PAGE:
The Lancelot–Grail, also known as the Prose Lancelot, the Vulgate Cycle', or the Pseudo-Map Cycle, is a major source of Arthurian legend written in French. It is a series of five prose volumes that tell the story of the quest for the Holy Grail and the romance of Lancelot and Guinevere. The major parts are early 13th century, but scholarship has few definitive answers as to the authorship. An attribution to Walter Map is discounted, since he died too early to be the author. This cycle of works was one of the most important sources of Thomas Malory's Le Morte d'Arthur.
The Vulgate Cycle adds an intriguing dimension to the King Arthur tradition, perpetuating Christian themes by expanding on tales of the Holy Grail and recounting the quests of the Grail knights. During this period, material takes on even more historical and religious overtones with tales that include and deal both in the death of Arthur and Merlin (drawing all the way back to Nennius’ Historia Brittonum).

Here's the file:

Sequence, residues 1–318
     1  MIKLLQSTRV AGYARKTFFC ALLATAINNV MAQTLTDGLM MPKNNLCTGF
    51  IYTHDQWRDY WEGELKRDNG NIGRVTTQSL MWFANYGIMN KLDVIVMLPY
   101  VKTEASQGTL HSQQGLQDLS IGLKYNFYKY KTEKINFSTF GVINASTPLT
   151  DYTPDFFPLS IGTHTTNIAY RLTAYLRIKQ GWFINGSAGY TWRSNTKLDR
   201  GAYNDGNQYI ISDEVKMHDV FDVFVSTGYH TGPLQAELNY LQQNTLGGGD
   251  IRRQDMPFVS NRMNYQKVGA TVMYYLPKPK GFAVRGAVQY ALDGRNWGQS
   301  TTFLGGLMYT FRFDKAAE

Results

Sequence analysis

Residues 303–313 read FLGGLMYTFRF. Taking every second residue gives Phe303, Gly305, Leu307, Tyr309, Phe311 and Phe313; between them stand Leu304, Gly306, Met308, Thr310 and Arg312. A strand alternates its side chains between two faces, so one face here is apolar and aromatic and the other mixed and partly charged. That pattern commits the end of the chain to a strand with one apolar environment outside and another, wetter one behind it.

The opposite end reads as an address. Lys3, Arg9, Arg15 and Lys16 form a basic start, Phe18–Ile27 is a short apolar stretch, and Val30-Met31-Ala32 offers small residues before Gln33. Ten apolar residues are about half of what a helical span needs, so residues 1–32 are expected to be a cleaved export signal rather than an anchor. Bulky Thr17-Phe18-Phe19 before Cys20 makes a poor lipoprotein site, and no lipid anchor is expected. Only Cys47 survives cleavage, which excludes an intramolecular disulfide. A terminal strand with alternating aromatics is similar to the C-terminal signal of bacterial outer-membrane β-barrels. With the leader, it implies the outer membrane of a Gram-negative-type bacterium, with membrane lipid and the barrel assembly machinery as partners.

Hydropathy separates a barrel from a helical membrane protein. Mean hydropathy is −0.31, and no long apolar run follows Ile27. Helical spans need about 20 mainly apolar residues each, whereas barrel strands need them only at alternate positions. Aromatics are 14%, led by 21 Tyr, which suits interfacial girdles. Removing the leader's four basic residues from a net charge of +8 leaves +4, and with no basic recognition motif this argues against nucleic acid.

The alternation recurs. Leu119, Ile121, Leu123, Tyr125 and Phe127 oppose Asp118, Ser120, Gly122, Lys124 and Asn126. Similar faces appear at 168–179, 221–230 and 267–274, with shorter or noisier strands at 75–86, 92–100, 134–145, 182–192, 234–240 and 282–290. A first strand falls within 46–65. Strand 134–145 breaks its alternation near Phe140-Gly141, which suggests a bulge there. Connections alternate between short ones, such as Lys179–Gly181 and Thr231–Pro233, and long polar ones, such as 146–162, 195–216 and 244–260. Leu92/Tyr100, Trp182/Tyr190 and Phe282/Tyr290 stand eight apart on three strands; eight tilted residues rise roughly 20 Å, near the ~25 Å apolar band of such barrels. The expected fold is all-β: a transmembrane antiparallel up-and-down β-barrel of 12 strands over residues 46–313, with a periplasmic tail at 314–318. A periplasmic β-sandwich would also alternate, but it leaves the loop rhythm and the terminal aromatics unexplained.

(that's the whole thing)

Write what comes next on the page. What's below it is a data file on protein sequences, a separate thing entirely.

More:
The Vulgate Cycle combines elements of Old Testament with the birth of Merlin, whose magical origins are consistent with those told by Robert de Boron, as the son of a devil and a human mother who repents her sins and is baptized. Merlin is transformed into a prophet and given the ability of seeing future events by God.
The work is divided into five sections. The last three were actually the first to be written, starting in the 1210s. The first two came later, around the 1230s.